As the disciples ate the Passover meal that night, Jesus did something which was not normally done. God's Word tells us, "While they were eating, Jesus took bread, gave thanks and broke it, and gave it to his disciples, saying, 'Take it; this is my body.' Then he took the cup, gave thanks and offered it to them, and they all drank from it. 'This is my blood of the covenant, which is poured out for many,' he said to them." As we prepare to come forward this evening and partake of the Lord's Supper, we are to recognize just what it is that is being given to us. What did Jesus give to the disciples? He gave them bread and wine. He also gave them his body and blood. It was then and it still is each time we celebrate the Lord's Supper a miracle that you and I are not able to understand completely. The Passover meal was now given new importance. It was no longer an Old Testament Law which had to be kept. It is now to be a lasting proclamation of the rich Gospel message of full and free forgiveness through Jesus' own body and blood. The writer of the book of Hebrews provides a commentary on Jesus' last will and testament. In the ninth chapter we read: "For this reason Christ is the mediator of a new covenant, that those who are called may receive the promised eternal inheritance-now that he has died as a ransom to set them free from the sins committed under the first covenant. In the case of a will, it is necessary to prove the death of the one who made it, because a will is in force only when somebody has died; it never takes effect while the one who made it is living. This is why even the first covenant was not put into effect without blood. . . . And without the shedding of blood there is no forgiveness." It is the body and blood of Jesus which has made our inheritance of eternal life in heaven sure and certain.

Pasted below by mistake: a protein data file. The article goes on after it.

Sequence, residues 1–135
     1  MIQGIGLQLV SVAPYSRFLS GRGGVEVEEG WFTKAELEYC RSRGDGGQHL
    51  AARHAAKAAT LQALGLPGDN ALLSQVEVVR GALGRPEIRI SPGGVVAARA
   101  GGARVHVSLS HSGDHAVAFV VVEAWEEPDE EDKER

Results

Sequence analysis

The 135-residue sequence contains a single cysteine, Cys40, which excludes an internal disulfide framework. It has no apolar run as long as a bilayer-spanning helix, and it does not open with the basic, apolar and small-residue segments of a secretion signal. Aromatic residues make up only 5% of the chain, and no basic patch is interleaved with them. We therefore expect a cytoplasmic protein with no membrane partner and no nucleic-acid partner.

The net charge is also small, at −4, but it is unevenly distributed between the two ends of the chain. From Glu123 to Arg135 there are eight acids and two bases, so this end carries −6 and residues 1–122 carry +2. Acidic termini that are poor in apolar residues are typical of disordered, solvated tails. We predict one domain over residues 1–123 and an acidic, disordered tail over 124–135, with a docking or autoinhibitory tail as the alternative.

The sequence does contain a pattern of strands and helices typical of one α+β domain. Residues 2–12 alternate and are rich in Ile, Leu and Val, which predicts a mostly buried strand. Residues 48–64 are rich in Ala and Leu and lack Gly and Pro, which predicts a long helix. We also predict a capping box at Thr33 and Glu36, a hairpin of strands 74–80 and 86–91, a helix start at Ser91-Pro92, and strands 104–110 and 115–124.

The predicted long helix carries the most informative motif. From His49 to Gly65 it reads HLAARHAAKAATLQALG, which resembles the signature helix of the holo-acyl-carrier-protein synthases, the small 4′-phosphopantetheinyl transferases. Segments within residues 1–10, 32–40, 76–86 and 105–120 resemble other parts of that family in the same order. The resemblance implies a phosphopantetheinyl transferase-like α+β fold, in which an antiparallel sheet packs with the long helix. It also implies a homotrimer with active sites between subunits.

If we think about, a will is really a promise. The one who makes a will promises an inheritance to the heirs. In the case of Jesus, his promise is the forgiveness of all of our sins. His promise is that he has made us part of God's family and won for us the eternal inheritance of a perfect life at his side in heaven. We also know that rereading a will never changes the terms of a will. No matter how many times we read it, the will always remains the same. In the same way, each time we receive the Lord's Supper nothing changes. Time after time, whether we receive the Sacrament here in God's House, or as a shut-in in our own homes or as a patient in the hospital; whether we receive the Sacrament at the rail or while standing on the floor, a gracious Savior-God offers to each one of us personally the life-giving gifts of the Gospel. What a wonderful blessing to be considered the heirs of our one and only Savior! By grace, you and I are able to say: "Jesus gave up his body and shed his blood for me. Thank-you, dear Lord Jesus!" Amen.

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Compelled by the love of Christ, St. Matthew’s Evangelical Lutheran Church and School seek to reach out to our families, community and world, using Law and Gospel to make disciples, growing and nurturing them in their Christian faith and life.